Of ovoid form, the attractive Regency period hand painted toleware footbath having applied scroll handles, the lemon yellow basin with a single turquoise band to the upper section, in very much the Regency taste, with remnants of a red painted band to the lip and to the handles, the whole in original condition surviving from the first quarter of nineteenth century England.
There are minor faults apparent from the illustrations, paint scratches and wear with some paint fleck losses commensurate with use, whilst the handles are slightly loose though still stable. She remains complete and un-meddled with, which is very appealing.
Toleware refers to kitchen-related objects created from metal, typically tin or thin steel, and are often in decorative styles such as Arts and Crafts and Regency as we see here. Decorative painting on these items is common but is not always the case. This style of decorative art spread from Europe, where it was referred to as Japanning, to the United States in the 18th century.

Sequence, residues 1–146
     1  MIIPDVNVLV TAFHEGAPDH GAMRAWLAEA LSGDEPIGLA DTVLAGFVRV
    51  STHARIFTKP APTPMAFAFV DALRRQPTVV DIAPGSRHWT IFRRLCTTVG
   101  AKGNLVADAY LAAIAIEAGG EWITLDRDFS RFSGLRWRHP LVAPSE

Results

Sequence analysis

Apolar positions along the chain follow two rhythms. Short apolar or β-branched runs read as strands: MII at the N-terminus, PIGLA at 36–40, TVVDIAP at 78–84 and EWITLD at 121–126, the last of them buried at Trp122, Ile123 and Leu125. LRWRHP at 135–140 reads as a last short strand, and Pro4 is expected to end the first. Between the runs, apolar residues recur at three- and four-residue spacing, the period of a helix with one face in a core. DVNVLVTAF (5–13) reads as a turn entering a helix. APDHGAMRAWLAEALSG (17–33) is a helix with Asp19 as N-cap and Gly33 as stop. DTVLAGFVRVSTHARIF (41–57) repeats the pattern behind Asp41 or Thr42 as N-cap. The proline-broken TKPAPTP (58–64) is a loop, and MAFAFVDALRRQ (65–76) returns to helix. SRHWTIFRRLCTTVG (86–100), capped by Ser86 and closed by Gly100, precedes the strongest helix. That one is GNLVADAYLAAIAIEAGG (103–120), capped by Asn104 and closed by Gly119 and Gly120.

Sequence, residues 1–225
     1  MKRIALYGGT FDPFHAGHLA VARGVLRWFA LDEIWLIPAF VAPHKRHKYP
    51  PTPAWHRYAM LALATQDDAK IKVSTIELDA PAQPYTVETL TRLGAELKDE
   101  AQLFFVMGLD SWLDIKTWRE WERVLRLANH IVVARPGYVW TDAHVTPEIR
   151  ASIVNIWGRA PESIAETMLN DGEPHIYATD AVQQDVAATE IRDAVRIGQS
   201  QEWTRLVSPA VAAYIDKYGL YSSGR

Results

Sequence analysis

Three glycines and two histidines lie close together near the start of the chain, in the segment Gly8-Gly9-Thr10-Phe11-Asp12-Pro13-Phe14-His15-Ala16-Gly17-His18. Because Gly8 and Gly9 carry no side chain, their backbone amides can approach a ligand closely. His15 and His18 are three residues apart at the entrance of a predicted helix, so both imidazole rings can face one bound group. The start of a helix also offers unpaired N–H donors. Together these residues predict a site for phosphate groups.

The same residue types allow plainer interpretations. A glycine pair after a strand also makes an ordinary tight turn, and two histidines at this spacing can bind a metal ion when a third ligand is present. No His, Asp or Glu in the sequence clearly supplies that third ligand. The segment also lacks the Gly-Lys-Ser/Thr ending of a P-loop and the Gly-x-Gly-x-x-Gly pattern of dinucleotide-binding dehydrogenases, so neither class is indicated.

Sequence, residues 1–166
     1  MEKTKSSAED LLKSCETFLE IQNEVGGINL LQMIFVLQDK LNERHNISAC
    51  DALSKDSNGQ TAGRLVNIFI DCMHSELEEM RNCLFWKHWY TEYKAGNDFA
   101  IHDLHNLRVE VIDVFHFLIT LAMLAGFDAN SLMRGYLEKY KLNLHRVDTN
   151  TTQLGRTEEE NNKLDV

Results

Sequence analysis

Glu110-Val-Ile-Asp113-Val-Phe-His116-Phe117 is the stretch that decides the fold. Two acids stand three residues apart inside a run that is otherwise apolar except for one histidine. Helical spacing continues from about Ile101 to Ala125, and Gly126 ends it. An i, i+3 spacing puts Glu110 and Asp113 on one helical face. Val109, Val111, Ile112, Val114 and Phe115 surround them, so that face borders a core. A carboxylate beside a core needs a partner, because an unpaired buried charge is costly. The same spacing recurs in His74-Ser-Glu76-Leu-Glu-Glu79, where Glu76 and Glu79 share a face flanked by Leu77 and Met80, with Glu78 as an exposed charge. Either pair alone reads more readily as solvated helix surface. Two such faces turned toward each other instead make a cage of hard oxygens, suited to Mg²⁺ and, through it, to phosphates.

According to 19th–century physician John Bell; ‘pains of the head, teeth and eyes would yield to the foot bath’ with the use of cold water and constant rubbing of the feet while in the bath helping to dispel illness. They weren’t used just for ailments but also for ladies’ beauty training in the Regency period; “Another hour's active exercise was recommended before going to bed followed by a foot bath with tepid water and another session with a skin brush or nibbed cotton cloth. One should go to bed no later than ten in the evening.”
Extremely attractive and in wonderfully original condition, this beauty could be put to any number of good uses today.